, Volume 461, Issue 1–3, pp 37–40 | Cite as

The symbiotic role of marine microbes on living surfaces

  • Evelyn Armstrong
  • Liming Yan
  • Kenneth G. Boyd
  • Phillip C. Wright
  • J. Grant Burgess


Every surface immersed in the sea rapidly becomes covered with a biofilm. On inanimate surfaces, this is often followed by colonisation by larger organisms, and general macrofouling. On the other hand, the majority of marine organisms remain relatively free from macrofouling, although some may be covered in a thin film of epibiotic bacteria. The role of these bacteria in maintaining the health of the host has received little attention. Here we describe an ecological role for epibiotic bacteria from seaweed surfaces. These epibionts may play a protective role, releasing compounds into the surrounding seawater that help prevent extensive fouling of the surface. These compounds may also have industrial and medical applications. The relative ease of culturing these microbes, compared to other bacteria that produce active compounds suggests seaweed-associated bacteria may be useful in bioprocess applications, such as the production of antimicrobial or antifouling compounds.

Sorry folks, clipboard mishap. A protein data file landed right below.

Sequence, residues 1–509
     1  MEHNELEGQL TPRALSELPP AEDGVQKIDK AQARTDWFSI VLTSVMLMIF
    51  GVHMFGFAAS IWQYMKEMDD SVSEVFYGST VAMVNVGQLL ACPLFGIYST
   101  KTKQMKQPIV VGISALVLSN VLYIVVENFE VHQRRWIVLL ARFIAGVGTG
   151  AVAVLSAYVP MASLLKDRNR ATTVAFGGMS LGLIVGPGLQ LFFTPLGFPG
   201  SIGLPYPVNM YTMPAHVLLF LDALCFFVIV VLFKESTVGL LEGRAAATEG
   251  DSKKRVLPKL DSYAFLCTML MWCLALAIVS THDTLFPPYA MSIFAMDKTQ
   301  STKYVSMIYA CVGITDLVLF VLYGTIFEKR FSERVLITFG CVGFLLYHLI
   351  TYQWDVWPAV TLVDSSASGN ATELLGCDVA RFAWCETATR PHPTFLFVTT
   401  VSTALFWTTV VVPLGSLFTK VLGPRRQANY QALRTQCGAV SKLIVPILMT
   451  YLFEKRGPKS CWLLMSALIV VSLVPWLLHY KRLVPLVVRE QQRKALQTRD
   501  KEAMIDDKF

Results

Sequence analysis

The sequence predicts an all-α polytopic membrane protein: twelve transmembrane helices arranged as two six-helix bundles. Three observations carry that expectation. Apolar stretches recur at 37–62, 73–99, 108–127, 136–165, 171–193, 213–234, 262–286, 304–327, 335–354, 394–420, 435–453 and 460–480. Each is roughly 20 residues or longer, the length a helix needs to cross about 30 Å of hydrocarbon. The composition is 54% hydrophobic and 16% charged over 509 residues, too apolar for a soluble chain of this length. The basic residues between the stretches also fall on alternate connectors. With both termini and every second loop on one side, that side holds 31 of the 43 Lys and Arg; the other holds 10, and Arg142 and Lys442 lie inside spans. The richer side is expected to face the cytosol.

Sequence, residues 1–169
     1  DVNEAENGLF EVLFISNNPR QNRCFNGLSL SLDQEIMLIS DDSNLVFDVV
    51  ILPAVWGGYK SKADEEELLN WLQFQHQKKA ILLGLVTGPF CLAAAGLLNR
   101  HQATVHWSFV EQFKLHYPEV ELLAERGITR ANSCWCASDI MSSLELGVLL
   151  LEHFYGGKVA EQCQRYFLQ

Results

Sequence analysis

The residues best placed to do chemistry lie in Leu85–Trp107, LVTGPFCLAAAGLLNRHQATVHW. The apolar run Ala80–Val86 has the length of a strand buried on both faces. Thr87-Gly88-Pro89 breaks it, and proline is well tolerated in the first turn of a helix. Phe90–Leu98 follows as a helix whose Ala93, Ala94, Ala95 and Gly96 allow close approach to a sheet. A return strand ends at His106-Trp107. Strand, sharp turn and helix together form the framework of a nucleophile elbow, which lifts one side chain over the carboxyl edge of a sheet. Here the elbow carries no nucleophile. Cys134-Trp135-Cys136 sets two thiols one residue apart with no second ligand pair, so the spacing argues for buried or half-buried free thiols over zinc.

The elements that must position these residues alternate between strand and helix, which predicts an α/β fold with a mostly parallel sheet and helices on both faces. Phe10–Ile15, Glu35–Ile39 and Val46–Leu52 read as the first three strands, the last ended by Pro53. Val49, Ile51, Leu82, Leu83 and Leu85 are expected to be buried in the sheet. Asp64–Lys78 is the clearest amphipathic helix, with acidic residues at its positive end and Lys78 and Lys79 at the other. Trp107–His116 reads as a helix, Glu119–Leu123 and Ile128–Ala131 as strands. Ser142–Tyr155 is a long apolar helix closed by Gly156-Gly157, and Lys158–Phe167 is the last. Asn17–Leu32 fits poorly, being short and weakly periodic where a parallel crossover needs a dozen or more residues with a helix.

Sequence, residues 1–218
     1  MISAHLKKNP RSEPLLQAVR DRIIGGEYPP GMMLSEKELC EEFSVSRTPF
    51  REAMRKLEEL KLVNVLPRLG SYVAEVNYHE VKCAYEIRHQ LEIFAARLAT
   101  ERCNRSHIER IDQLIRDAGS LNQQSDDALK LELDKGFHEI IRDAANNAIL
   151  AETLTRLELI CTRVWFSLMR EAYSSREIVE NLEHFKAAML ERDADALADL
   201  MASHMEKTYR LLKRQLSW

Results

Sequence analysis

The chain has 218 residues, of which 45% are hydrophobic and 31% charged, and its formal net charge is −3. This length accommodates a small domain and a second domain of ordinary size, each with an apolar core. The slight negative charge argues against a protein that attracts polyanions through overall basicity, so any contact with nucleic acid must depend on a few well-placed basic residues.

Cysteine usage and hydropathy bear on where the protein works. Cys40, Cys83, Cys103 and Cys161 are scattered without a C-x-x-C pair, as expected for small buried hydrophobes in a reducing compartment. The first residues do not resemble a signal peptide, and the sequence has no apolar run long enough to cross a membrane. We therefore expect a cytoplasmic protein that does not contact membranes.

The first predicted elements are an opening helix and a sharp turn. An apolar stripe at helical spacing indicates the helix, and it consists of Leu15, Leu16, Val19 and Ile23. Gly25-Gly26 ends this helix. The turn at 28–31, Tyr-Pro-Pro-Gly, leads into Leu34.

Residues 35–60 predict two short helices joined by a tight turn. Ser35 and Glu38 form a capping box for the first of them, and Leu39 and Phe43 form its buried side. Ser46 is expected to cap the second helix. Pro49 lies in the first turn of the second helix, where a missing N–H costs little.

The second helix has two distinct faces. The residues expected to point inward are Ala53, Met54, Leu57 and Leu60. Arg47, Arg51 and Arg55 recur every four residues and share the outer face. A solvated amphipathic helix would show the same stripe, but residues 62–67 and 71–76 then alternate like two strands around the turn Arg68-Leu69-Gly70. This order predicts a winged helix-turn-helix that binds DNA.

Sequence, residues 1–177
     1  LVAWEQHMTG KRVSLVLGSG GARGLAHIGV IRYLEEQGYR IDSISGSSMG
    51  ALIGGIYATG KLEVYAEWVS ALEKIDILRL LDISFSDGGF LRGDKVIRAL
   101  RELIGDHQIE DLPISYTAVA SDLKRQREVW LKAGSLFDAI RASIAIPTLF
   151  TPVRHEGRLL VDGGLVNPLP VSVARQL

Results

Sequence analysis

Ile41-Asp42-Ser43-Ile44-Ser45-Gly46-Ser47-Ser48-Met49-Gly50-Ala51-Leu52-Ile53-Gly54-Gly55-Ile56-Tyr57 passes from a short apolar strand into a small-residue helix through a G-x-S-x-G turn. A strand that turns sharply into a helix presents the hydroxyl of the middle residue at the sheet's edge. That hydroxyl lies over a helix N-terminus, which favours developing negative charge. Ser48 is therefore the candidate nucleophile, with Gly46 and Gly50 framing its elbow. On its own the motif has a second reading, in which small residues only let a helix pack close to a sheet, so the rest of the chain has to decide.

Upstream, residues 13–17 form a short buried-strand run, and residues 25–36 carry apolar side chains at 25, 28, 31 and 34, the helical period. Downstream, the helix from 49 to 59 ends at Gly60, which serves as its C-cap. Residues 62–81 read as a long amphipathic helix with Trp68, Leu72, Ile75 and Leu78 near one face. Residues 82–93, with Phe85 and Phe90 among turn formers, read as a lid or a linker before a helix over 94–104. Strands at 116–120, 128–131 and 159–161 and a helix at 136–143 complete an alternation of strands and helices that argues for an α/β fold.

biofilms cell communication macroalgae marine bacteria symbiosis 


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Copyright information

© Kluwer Academic Publishers 2001

Authors and Affiliations

  • Evelyn Armstrong
    • 1
  • Liming Yan
    • 1
  • Kenneth G. Boyd
    • 1
  • Phillip C. Wright
    • 2
  • J. Grant Burgess
    • 3
  1. 1.Department of Biological SciencesHeriot-Watt University, RiccartonEdinburghU.K
  2. 2.Department of Mechanical and Chemical EngineeringHeriot-Watt University, RiccartonEdinburghU.K.
  3. 3.Department of Biological SciencesHeriot-Watt University, RiccartonEdinburghU.K.

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